Trump proposes air traffic control privatization in USA

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President Donald Trump has announced his intention to shift the air traffic control function of the US Federal Aviation Administration (FAA) to an independent, non-governmental organization. The plan forms part of Trump’s Fiscal Year 2018 budget proposal and follows a recent Business Airport International online poll, where 83% of readers said they were against the move.

Organizations such as the National Business Aviation Association (NBAA) and the General Aviation Manufacturers’ Association (GAMA) are opposed to the idea, and have issued statements saying that air traffic systems should remain under government control. Both have said that privatization will lead to a negative impact on aviation safety, rural and small communities, national security and air traffic control modernization.

GAMA said, “The FAA air traffic control system is the safest, most efficient, largest, and most complex in the world. To a degree not found in other countries, the economic health and vitality of numerous businesses and communities, small and large, depend on the US aviation system. We must not weaken this strong foundation.”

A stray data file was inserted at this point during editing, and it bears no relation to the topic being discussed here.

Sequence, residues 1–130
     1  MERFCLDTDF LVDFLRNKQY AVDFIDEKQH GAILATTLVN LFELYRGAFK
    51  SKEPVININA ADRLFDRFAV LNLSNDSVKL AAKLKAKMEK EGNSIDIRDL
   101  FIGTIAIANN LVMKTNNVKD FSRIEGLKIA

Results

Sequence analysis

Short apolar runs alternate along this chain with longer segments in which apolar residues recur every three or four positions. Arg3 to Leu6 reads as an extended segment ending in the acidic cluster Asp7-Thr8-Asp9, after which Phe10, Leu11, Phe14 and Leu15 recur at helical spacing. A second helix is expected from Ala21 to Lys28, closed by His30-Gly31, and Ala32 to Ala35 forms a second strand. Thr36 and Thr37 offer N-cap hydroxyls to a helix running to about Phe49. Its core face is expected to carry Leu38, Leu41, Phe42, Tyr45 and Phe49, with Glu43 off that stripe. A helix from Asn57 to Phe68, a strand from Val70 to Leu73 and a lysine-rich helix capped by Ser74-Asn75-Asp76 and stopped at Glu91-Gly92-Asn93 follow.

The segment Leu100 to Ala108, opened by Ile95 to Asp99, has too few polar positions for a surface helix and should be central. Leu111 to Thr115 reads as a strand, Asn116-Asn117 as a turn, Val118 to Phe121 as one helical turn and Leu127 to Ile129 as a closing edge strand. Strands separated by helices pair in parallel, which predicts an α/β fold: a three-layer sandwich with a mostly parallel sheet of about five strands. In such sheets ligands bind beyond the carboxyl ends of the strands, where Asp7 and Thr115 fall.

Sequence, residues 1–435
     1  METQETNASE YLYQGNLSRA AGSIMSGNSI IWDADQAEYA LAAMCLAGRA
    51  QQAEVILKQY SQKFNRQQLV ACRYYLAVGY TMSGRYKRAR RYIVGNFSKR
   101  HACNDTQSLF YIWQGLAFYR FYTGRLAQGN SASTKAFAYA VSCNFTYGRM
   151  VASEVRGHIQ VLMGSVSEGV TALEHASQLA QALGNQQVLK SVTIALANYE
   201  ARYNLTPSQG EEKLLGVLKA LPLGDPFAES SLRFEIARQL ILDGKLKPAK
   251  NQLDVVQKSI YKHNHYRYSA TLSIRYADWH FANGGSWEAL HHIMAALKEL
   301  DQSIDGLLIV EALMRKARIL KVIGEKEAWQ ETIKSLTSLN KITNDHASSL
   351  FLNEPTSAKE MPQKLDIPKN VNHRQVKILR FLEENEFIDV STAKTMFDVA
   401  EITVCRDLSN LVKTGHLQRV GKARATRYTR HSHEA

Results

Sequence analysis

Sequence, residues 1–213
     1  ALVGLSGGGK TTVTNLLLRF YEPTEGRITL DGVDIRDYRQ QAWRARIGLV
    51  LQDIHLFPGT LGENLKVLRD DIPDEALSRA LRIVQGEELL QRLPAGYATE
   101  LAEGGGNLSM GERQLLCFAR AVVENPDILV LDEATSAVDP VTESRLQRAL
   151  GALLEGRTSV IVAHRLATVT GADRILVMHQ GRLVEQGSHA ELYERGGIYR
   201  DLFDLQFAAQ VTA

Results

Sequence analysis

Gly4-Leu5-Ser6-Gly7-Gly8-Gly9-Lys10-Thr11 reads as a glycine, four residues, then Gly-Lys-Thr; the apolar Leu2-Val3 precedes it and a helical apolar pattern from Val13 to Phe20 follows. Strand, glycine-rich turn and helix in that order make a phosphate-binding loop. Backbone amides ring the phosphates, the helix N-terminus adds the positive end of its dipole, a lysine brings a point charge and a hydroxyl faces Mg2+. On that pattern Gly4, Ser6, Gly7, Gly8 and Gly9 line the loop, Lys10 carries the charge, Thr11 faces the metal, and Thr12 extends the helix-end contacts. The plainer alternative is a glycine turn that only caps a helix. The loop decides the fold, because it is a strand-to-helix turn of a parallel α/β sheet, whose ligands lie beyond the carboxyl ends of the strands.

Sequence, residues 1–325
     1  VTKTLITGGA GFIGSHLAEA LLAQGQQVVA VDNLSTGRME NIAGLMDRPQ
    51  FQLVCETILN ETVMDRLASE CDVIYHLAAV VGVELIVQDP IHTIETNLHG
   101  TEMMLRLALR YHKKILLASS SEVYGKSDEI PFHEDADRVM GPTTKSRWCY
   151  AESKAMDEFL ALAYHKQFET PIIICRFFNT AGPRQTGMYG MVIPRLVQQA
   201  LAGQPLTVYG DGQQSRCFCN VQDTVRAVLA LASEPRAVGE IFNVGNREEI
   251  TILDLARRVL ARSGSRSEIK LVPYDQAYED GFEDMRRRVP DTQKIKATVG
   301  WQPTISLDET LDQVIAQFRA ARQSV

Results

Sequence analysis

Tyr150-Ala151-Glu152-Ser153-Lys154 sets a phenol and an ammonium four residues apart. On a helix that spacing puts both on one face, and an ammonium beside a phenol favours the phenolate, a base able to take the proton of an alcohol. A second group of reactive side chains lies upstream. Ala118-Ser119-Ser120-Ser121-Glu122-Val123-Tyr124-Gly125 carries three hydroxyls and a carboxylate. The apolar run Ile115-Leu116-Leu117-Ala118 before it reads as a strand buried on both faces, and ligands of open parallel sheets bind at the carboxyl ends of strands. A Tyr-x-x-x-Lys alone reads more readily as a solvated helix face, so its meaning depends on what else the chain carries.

Similarly, Ed Bolen, CEO and president of the NBAA, said, “America’s system of airports and airspace serves the public interest, including the people, businesses and communities that rely on general aviation. Congressional oversight ensures that the entire public has access to aviation.”

According to Forbes, the FAA handles more than 50,000 flights per day and more than 700 million passengers each year. It spends nearly US$10bn on air traffic control each year, funded largely through passenger user fees, with around 28,000 air traffic personnel. It has already implemented US$7.5bn in an updated ‘NextGen’ system that would use satellites to monitor aircraft instead of radar, which is hoped to lead to around US$160bn in savings through 2030.

However, Trump criticized spending on NextGen, approved by his predecessor, Barack Obama. The US President said that the system was “totally out of whack”, over budget and behind schedule.

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